Select and delete the startTime, startTime and stopTime connected to the Down button's Action. Click Function on the toolbar and click on the diagram to add a Function called 'reset', then click the Run relationship's ! icon on the end of the toolbar and drag from the Action to 'reset' to connect them (just OK the dialog: there's only one action here, so we don't need to set an order).

Diagram reset

Trying out the integration of hand-written code

Now we can generate the code for our model, build it and run it. Select the top-level WatchModels graph in the Graph Browser and Autobuild again. Choose Sporty, press Mode to get to the Stopwatch application, and press Up a couple of times to start and stop the stopwatch. You'll then be back in the Stopped state, seeing the time you measured. For now, pressing Down in the Stopped state will not change the displayed time: it calls the reset method, but that has no body yet, so does nothing.

In the generated Stopwatch.java file, edit the reset method to add a line between the leading and trailing MD5 comments, to set stopTime to zero, then Save:

		setStopTime(new METime());

(Note that we're editing a generated file: normally this is a no-no, but here the MD5 protected region will take care of things, maintaining our manual code but regenerating the rest from the model.)

Eclipse reset

Close the running Sporty and WatchModels. Rebuild the WatchModels with Autobuild, and try Sporty again with the Mode, Up, Up, Down steps, and see that Down now does reset the stopwatch time to zero.

Combining models and code in Git

So now we have our models in Git, our standard code generated, our custom code added by hand and maintained automatically. The last thing to do is extend the Git integration so that the manual code also gets included when versioning models. (Where possible it would generally be better to keep the manual code more separate from the generated code, but we deliberately chose the harder path here.)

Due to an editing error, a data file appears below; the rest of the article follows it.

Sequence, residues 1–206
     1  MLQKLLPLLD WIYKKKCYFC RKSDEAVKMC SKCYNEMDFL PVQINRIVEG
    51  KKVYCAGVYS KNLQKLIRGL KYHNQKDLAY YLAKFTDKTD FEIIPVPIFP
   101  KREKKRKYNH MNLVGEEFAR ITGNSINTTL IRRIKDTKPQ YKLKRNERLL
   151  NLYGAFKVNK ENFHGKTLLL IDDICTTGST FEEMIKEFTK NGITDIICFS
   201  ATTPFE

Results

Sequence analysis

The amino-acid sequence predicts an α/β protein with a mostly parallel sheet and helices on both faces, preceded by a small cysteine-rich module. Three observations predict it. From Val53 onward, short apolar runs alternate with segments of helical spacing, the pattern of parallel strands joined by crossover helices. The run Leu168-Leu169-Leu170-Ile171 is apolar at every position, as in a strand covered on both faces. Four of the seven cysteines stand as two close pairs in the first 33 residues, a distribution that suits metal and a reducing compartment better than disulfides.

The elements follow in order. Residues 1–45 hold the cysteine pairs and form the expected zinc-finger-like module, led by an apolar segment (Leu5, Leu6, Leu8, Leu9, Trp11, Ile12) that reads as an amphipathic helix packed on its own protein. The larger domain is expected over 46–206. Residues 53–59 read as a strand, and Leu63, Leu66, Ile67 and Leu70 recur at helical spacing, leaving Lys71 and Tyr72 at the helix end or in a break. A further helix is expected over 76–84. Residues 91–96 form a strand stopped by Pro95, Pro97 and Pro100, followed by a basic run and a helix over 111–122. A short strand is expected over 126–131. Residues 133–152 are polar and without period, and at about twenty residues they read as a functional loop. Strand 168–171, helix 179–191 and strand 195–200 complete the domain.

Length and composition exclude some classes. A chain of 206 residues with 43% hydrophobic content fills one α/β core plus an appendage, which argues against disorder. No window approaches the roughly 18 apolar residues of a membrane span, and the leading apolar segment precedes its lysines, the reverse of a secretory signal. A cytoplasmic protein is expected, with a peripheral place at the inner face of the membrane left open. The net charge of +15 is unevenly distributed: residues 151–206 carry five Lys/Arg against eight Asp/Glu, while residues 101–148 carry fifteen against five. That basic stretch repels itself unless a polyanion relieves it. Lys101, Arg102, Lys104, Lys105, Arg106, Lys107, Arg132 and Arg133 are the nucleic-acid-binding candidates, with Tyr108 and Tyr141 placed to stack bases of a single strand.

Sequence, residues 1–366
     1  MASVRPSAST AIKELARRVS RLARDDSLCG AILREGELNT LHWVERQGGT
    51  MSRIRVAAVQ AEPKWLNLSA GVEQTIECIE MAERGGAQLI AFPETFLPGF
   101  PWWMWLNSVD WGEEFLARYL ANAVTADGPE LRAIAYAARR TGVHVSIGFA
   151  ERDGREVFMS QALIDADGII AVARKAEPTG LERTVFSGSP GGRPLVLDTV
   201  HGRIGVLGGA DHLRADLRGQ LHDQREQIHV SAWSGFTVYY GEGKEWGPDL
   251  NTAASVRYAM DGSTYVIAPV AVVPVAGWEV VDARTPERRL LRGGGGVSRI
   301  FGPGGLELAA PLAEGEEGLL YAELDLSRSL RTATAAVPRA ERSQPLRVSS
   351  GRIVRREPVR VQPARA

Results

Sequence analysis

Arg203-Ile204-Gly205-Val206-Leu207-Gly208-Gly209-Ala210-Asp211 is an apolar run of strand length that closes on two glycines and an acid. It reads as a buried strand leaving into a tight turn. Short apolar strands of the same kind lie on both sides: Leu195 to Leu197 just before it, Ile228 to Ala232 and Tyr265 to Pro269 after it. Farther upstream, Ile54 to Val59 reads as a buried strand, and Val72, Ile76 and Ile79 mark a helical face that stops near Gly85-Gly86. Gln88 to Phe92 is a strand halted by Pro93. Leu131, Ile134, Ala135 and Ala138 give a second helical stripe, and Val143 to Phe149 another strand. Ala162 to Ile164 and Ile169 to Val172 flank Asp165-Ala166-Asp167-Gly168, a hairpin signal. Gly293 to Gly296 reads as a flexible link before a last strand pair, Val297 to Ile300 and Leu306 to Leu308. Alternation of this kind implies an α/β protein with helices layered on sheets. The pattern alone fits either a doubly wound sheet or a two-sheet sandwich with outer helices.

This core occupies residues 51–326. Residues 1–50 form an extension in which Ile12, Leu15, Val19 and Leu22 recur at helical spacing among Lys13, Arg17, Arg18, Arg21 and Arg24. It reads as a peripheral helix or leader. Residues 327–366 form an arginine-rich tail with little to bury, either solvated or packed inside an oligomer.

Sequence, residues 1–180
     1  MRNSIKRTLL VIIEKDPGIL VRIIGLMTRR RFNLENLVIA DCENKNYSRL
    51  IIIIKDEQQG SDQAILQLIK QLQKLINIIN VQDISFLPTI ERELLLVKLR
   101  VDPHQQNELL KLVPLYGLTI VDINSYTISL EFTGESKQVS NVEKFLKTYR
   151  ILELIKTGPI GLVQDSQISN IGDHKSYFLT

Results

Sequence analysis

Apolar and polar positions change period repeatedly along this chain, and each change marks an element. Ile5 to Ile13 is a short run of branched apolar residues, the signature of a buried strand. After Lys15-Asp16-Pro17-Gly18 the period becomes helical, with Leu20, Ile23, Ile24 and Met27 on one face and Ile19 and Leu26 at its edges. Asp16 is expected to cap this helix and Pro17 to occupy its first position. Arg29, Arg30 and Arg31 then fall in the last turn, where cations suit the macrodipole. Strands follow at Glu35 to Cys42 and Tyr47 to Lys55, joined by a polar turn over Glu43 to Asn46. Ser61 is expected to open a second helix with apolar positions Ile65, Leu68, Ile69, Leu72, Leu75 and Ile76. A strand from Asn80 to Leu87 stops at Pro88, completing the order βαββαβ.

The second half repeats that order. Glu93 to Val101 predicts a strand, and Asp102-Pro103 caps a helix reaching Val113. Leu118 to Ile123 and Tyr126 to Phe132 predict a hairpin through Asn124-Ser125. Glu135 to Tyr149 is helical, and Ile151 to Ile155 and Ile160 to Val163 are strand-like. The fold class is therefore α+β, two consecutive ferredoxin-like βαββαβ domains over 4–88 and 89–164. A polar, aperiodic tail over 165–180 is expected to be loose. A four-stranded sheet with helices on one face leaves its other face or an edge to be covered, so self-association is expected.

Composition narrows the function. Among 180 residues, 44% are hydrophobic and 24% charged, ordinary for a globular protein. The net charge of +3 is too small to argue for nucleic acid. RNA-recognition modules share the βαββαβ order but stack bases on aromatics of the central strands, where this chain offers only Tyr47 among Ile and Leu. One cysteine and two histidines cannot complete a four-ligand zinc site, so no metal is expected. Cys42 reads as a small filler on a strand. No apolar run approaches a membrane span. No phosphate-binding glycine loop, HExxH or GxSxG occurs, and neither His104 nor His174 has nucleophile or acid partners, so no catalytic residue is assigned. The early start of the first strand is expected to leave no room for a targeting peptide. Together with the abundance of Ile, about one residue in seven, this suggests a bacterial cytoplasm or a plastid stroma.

The MetaEdit+ Git integration is handled by generators, so you can tweak it to your needs. In the main MetaEdit+ window, choose Repository | Changes & Versions Tool, choose VCS Settings | Paths, and add the following lines after the settings for $dbName and $dbBaseDir:

/* $srcDir is for source code you also want versioned; '' for none */
$srcDir = __(subreport '_default directory' run 'WatchModels' sep 'src')

Save that and select the _vcsCheckIn generator further up in the list, then add these lines about 2/3 down before its _osCd($vcsWorkingDir) line:

if $srcDir then
   _osCopy($srcDir sep '.', $vcsWorkingDir sep 'src') ' || ' _osPause() newline

That will copy the contents of the $srcDir to our Git directory when we check in with Save Version. Likewise, if we ever check out we want to copy the source out of Git, so save that, edit _vcsRestoreDB and add before the last line (pushd):

if $srcDir then
   _osMkdir($srcDir) ' || ' _osPause() newline
   _osCopy($vcsWorkingDir sep 'src' sep '.', $srcDir) ' || ' _osPause() newline

As you can see, we create $srcDir to be on the safe side. Those _osMkdir and _osCopy calls are simply subgenerators that produce the right batch / shell commands on the current platform, so we can write these versioning scripts once rather than duplicate the logic for each platform. ' || ' _osPause() will pause if the command gives an error, so we can see what the problem was.